At the moment I drew this little spiral I did not know that a few hours later I would watch my mother leave her earthly body. That morning I just drew something very familiar, a small Cretan labyrinth. Into the centre and out, one path. Death is sort of like that. Just one way in and one way out. I will spare you the selfie I took of me laying beside her in the bed that spring evening as she struggled with her last few breaths. My need to crawl up beside her was more to comfort myself than for her benefit. I kept whispering to her “Don’t be afraid mom”. Whether or not she heard, I do not know. People say that hearing is the last to go. I felt privileged to hold my cell phone up to her ear as I called her grandchildren near and far and had them say their goodbyes. From many miles away her daughter-in-law sang a hymn to her over the phone and her son recited her scripture. Her son-in-law prayed on the phone as she took her last breath while her other daughter-in-law held her hand. 

It was a good death. And a good funeral.

Lately I have been thinking a lot about both.

When my husband was a clergyperson I loved it when he would take some sand or earth and make a the symbol of the cross on top of the coffin as it was lowered into the grave. I reflect that putting my hand in the sand that morning was a sort of ‘ashes to ashes, dust to dust’ kind of moment for me.

These moments are necessary. This last year of grief has been good. 

from The Good Funeral: Death, Grief and the community of Care by T.Long & T.Lynch.

 

Walking the Mystical Path with Practical Feet – The Four-Fold Way

Being a mystic is one thing. But showing up for everyday life is another ball of wax.

the four-fold way: Angeles ArrienAngeles Arrien, Ph.D., an American cultural anthropologist (d. 2014) taught The Four-Fold Way™ , emphasizing four major principles that integrate ancient cultural wisdoms into contemporary life or as she interpreted it “walking the mystical path with practical feet”:

The Way of the Warrior
Show up, and choose to be present.

The Way of the Healer
Pay attention to what has heart and meaning.

The Way of the Visionary
Tell the truth without blame or judgment.

The Way of the Teacher
Be open to outcome, not attached to outcome.

4-ways

The Way of the Warrior or Leader is to show up, or choose to be present.
Being present allows us to access the human resources of power, presence, and communication. We express the way of the Leader through appropriate action, good timing, and clear communication.

The Way of the Healer or Caretaker is to pay attention to what has heart and meaning.
Paying attention opens us to the human resources of love, gratitude, acknowledgment, and validation. We express the way of the Healer through our attitudes and actions that maintain personal health and support the welfare of our environment.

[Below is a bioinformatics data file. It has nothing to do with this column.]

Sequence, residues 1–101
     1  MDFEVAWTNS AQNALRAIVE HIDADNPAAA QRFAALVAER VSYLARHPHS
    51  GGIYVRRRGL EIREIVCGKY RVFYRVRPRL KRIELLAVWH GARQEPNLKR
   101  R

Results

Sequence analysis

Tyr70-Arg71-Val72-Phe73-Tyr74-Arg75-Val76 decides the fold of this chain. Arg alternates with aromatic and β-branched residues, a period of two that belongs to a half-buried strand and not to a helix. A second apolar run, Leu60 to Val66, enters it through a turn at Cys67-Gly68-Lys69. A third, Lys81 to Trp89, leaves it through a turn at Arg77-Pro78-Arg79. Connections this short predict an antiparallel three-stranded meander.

The Way of the Visionary or Creative Problem Solver is to tell the truth without blame or judgment. Truthfulness, authenticity, and integrity are keys to developing our vision and intuition. We express the way of the Visionary through personal creativity, goals, plans, and our ability to bring our life dreams and visions into the world.

The Way of the Teacher or Counselor, The Wisdom Way, is to be open to outcome, not attached to outcome.
Openness and non-attachment help us recover the human resources of wisdom and objectivity. We express the way of the Teacher through our constructive communication and informational skills.

 

Sitting on the Edge of Patriarchy

“Say ‘goodbye’ to Patriarchy,” said my husband as he passed me the captain’s chair.

captain's chair

1977, a very special wedding gift from my parents. A suitably expensive Roxton maple dining room set; 4 chairs and a table. We have gathered around that table for the last 39 years.  We still love the table.  Whoever designed the chairs sure didn’t factor in how difficult the spindles would be to clean and how the knobs dig into the back of your hips.

About 4 years ago we bought new dining room chairs, finally giving up the uncomfortable chairs. We stowed them away in our garage. I hung onto them because I ‘didn’t want to break up the set’. Old thinking.

Only one of the chairs had arms. The Captain’s Chair. That’s where the Daddy sat. When my husband said “Say ‘goodbye’ to Patriarchy,” I had to laugh. We had had those chairs for nearly 40 years and that small fact of that one chair being the preferred chair hadn’t hit me so poignantly until just today.

Today I said goodbye to old thinking and sitting on the edge of patriarchy.